How Long Should My Mortgage Last?

Best Length of Mortgage Deals

Unless you have a poor credit history, you should never pay a standard variable rate (SVR) of interest. This is because virtually every mortgage lender also offers a range of far cheaper fixed interest and discounted variable rate deals.

These can last for anything from a few months to your full mortgage term, but the most popular are usually between two and five years. At the end of this time, your lender will move you onto its SVR.

It’s up to you to decide what length of deal best suits your needs.


Here are some things to take into account when deciding

The problem with very short deals

The cheapest fixes and the biggest discounts generally last less than two years.

You might be attracted to these if you are very short of money, but they are rarely a good idea.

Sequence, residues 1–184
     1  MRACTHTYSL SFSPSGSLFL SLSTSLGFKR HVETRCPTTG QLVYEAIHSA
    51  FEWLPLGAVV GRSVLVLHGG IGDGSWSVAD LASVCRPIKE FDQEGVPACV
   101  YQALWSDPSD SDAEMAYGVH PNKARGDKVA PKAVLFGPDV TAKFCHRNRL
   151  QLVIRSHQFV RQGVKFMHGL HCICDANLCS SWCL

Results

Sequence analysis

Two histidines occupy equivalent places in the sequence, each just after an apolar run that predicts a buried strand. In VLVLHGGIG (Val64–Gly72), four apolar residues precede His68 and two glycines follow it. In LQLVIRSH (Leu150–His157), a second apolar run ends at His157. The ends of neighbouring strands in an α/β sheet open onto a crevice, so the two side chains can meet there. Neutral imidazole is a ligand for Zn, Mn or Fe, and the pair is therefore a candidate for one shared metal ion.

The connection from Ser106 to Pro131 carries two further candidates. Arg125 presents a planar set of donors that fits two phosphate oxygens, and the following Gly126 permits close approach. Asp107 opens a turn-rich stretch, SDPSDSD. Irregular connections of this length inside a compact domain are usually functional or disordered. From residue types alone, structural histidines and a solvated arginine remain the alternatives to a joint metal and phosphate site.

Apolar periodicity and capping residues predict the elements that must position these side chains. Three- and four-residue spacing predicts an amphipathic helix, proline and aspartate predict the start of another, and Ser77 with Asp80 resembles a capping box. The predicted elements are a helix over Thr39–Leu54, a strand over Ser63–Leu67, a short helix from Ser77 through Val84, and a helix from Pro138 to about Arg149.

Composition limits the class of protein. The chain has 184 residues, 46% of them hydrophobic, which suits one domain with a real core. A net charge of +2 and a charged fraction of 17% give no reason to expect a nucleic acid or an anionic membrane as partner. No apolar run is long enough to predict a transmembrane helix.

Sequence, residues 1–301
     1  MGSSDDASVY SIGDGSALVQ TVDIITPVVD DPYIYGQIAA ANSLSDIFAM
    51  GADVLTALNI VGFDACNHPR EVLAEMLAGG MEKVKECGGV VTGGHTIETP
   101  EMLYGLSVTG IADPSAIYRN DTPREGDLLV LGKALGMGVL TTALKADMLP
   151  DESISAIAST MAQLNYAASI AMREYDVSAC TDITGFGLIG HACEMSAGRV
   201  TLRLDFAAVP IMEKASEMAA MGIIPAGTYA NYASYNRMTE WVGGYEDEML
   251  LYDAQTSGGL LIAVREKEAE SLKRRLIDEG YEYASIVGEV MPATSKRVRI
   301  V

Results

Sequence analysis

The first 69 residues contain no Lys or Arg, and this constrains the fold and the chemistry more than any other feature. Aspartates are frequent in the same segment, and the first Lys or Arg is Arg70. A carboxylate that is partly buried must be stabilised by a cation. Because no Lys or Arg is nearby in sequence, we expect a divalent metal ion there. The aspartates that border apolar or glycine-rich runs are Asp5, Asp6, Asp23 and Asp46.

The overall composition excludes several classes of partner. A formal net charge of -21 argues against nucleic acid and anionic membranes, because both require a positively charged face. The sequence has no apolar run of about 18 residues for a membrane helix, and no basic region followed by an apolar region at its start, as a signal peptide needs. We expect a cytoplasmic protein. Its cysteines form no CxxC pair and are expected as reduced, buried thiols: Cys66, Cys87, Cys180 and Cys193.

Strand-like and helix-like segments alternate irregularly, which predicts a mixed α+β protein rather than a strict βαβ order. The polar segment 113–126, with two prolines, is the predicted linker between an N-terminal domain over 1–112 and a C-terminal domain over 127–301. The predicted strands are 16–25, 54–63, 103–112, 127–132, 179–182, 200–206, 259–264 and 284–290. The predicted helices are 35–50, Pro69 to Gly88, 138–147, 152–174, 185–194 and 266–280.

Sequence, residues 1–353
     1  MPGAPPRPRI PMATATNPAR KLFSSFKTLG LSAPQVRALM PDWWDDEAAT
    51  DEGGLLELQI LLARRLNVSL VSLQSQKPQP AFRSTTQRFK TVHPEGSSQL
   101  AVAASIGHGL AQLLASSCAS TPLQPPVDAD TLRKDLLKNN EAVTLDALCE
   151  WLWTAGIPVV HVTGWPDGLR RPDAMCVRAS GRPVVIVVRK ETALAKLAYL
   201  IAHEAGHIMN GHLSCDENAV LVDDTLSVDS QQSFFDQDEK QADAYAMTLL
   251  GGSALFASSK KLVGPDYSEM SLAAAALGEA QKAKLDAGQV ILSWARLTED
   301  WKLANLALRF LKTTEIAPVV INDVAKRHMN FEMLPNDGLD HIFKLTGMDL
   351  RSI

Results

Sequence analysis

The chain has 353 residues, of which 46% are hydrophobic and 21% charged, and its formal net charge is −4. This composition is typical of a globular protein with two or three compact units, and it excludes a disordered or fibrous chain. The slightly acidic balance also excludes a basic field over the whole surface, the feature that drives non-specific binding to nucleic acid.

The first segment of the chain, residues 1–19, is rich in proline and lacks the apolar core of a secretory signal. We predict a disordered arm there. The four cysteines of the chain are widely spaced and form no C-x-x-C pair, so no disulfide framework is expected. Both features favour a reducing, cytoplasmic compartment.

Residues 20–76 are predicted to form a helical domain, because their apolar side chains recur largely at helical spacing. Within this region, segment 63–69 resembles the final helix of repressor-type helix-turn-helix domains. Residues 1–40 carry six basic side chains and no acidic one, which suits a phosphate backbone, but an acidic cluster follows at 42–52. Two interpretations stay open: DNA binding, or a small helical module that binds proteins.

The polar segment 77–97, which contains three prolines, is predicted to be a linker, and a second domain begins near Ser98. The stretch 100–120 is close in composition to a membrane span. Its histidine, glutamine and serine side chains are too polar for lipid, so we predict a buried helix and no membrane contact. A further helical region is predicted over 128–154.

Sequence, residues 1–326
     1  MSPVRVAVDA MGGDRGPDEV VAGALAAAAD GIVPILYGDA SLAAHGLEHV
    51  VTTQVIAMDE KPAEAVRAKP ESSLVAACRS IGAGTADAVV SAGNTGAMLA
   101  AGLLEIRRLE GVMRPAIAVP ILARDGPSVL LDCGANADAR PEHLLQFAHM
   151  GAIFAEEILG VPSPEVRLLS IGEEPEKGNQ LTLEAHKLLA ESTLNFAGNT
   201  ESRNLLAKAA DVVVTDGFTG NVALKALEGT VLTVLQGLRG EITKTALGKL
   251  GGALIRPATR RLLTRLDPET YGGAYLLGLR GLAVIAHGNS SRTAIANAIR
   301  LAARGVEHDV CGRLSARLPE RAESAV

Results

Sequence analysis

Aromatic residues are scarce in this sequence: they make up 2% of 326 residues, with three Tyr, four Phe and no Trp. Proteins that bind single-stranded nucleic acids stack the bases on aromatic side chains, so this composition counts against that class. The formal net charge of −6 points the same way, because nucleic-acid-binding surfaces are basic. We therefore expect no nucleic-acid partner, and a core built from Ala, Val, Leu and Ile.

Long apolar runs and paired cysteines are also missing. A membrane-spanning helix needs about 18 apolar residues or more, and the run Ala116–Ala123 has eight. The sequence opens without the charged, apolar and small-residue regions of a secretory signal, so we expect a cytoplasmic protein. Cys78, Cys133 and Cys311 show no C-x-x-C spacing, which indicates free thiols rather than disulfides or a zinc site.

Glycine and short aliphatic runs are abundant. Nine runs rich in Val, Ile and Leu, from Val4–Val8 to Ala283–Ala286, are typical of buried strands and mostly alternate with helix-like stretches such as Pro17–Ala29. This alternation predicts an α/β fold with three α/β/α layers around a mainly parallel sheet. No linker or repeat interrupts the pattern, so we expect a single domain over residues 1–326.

They usually come with an extended redemption penalty that ties you to the lender’s standard variable rate for several years after the special deal has ended, often more than cancelling out your early savings.


The problem with very long deals

If you are looking for certainty about the level of your future payments, you may be drawn to a long-term fix of, say, ten or more years.

If interest rates rise over this period, it could turn out to be a very shrewd move, but if they fall, you could end up seriously overpaying compared to other borrowers.

But, since you will probably face a hefty early redemption penalty to get out of the deal, it may not be worth remortgaging to a cheaper deal.

So unless you have an infallible crystal ball, you might be better to copy the bulk of borrowers who have gone before you and opt for a medium-term deal.


The benefits of two to five-year deals

Deals of this length offer a reasonable balance between stability and flexibility.

Opt for the shorter end of the scale, and you will face the cost of remortgaging to avoid paying you lender’s standard variable rate sooner.

Opt for the longer end, and you won’t have to remortgage so often, but you will be tied down for longer.

At the end of the day, it’s a matter of personal choice.